Stamm himself says, ‘It has always been my goal to make literature out of ordinary people’s lives. I don’t like the extremes; I don’t think that they teach us much about ourselves.’
Tim Parks on Peter Stamm:
‘Peter Stamm is one of the authors I have enjoyed most over recent years. His quiet, laconic voice and his characters torn between a thirst for life and a fear of involvement are convincing, disturbing, always entertaining.’
Peter Stamm on Tim Parks:
‘Nationality never mattered to me when it came to literature. When I started writing, I was highly influenced by English and American authors. Later came writers from France, Italy and Russia. I think there are writer families, authors who are interested in the same questions and have the same goals in their work. I first "met" Tim Parks, when he was writing about my books and immediately had the feeling, he knew what they were all about. Only afterwards I started to read his work and had the feeling that we were - with all differences - on a similar quest.’
Peter Stamm was born in 1963, in Weinfelden, Switzerland. He is the author of the novels Agnes, Unformed Landscape, On A Day Like This and Seven Years. He has published four collections of short stories and has written numerous plays, radio plays and three books for children. His books have been translated into 36 languages. He lives with his family in Winterthur, near Zürich.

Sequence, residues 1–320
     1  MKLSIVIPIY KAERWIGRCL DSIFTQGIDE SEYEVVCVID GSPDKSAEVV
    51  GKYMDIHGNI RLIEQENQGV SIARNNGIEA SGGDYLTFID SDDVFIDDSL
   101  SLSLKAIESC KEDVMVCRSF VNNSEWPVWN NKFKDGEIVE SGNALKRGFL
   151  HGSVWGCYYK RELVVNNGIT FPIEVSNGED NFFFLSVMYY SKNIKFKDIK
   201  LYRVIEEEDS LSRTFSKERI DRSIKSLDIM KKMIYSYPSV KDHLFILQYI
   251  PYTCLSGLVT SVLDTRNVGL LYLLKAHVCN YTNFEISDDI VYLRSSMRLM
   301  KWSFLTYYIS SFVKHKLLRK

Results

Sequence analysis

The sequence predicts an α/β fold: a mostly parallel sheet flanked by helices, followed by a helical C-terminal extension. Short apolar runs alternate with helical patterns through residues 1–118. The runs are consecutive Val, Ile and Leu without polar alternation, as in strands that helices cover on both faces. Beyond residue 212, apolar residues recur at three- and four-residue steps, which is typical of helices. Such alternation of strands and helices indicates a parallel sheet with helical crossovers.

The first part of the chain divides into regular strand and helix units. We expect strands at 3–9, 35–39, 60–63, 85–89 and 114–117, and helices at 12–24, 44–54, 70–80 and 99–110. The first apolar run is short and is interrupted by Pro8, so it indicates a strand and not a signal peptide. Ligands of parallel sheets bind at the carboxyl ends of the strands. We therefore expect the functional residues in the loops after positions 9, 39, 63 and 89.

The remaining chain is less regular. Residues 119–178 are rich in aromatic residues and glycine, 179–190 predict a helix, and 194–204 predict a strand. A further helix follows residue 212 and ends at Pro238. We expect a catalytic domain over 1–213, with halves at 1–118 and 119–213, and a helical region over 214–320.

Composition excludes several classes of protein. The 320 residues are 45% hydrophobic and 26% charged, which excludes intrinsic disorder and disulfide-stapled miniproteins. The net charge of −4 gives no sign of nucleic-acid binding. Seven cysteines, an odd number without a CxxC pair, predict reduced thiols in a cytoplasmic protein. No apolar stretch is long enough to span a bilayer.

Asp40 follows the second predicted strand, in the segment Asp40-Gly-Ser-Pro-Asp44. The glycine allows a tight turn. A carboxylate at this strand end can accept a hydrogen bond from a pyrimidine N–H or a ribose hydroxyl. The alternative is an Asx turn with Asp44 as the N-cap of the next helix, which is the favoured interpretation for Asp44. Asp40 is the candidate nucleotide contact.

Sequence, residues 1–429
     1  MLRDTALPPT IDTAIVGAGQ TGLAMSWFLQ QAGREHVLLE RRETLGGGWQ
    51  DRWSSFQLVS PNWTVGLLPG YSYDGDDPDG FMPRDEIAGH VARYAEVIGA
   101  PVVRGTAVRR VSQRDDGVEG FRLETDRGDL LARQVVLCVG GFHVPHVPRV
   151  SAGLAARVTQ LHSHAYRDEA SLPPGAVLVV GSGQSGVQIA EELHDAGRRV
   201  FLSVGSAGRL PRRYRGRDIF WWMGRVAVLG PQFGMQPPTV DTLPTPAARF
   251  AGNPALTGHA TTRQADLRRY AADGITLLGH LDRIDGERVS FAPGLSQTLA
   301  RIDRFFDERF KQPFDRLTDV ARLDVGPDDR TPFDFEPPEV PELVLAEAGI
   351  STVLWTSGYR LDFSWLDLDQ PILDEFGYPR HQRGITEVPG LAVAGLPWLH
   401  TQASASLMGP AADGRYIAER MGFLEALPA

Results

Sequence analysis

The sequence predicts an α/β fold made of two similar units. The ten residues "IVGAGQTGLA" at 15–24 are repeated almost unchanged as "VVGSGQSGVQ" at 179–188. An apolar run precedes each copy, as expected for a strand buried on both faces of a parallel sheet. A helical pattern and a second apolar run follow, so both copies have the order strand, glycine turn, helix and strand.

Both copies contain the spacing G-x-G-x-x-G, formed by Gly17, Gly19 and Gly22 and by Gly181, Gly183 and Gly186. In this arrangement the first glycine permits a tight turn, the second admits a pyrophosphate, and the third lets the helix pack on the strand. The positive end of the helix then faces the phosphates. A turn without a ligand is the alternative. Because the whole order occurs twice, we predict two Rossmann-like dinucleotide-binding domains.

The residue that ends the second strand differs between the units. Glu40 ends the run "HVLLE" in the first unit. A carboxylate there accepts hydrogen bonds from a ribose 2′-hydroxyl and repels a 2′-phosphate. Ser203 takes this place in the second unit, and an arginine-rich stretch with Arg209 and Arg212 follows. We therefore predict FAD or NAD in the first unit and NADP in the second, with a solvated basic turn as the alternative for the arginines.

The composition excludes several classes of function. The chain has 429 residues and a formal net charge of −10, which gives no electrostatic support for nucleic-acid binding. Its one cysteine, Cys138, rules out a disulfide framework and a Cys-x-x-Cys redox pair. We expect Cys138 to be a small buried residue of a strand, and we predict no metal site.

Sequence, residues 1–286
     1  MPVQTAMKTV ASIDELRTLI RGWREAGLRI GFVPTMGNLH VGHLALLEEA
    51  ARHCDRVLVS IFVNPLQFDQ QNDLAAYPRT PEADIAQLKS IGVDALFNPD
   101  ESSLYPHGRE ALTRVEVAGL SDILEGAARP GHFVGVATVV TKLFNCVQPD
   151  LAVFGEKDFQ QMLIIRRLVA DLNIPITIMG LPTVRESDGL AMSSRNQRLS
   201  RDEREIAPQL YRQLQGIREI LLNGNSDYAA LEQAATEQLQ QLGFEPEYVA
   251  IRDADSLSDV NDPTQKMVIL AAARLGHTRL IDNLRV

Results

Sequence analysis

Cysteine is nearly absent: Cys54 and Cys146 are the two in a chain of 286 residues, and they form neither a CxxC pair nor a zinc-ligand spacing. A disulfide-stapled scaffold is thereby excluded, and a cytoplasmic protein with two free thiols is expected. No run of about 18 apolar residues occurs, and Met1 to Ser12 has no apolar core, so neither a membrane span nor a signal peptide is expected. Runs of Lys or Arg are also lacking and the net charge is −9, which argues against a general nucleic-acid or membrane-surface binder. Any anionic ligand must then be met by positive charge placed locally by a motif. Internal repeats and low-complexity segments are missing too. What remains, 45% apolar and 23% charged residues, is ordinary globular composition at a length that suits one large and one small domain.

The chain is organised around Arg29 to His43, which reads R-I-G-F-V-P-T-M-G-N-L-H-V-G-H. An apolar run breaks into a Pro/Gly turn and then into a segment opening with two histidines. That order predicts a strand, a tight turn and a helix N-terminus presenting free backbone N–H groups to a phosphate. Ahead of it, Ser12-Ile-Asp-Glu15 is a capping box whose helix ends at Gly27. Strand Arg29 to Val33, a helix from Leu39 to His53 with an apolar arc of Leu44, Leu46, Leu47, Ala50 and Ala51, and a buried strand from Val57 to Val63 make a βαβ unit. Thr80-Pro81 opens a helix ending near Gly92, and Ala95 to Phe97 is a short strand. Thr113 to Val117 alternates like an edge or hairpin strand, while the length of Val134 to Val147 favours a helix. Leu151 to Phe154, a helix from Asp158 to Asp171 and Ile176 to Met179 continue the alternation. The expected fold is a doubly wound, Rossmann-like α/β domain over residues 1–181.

Born in Manchester in 1954, Tim Parks studied at Cambridge and Harvard before moving permanently to Italy in 1981. Author of three bestselling books on Italy, and fifteen novels, including the Booker short-listed Europa, and most recently The Server, he has translated works by Moravia, Calvino, Calasso and Machiavelli. While running a post-graduate degree course in translation at IULM University, Milan, he writes regularly for the London Review of Books and the NYRB. His non-fiction works include Translating Style, a literary approach to translation problems, Medici Money, an account of the relation between banking, the Church and art in the 15th century, and Teach Us to Sit Still, which was described by David Lodge as: “A searingly honest, viscerally vivid, darkly comic self-examination of the connections between writing, personality and health.” (MDGentleReader)